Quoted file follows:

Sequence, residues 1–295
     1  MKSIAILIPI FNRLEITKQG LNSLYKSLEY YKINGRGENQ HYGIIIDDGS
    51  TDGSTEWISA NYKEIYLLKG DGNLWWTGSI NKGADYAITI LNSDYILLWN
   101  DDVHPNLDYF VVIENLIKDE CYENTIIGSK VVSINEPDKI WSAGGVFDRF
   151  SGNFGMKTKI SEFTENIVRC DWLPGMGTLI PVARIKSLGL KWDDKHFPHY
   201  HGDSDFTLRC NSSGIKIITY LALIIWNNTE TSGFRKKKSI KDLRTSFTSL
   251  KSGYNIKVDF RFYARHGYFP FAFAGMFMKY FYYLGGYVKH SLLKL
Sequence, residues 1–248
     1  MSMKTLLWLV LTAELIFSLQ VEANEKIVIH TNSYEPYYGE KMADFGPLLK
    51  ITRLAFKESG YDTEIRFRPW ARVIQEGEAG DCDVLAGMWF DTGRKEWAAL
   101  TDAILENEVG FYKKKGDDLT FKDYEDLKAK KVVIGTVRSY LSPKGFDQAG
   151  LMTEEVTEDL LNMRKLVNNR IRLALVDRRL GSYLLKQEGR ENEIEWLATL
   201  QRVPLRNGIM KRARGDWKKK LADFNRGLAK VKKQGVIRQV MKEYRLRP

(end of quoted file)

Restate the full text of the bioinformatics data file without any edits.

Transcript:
Sequence, residues 1–295
     1  MKSIAILIPI FNRLEITKQG LNSLYKSLEY YKINGRGENQ HYGIIIDDGS
    51  TDGSTEWISA NYKEIYLLKG DGNLWWTGSI NKGADYAITI LNSDYILLWN
   101  DDVHPNLDYF VVIENLIKDE CYENTIIGSK VVSINEPDKI WSAGGVFDRF
   151  SGNFGMKTKI SEFTENIVRC DWLPGMGTLI PVARIKSLGL KWDDKHFPHY
   201  HGDSDFTLRC NSSGIKIITY LALIIWNNTE TSGFRKKKSI KDLRTSFTSL
   251  KSGYNIKVDF RFYARHGYFP FAFAGMFMKY FYYLGGYVKH SLLKL
Sequence, residues 1–248
     1  MSMKTLLWLV LTAELIFSLQ VEANEKIVIH TNSYEPYYGE KMADFGPLLK
    51  ITRLAFKESG YDTEIRFRPW ARVIQEGEAG DCDVLAGMWF DTGRKEWAAL
   101  TDAILENEVG FYKKKGDDLT FKDYEDLKAK KVVIGTVRSY LSPKGFDQAG
   151  LMTEEVTEDL LNMRKLVNNR IRLALVDRRL GSYLLKQEGR ENEIEWLATL
   201  QRVPLRNGIM KRARGDWKKK LADFNRGLAK VKKQGVIRQV MKEYRLRP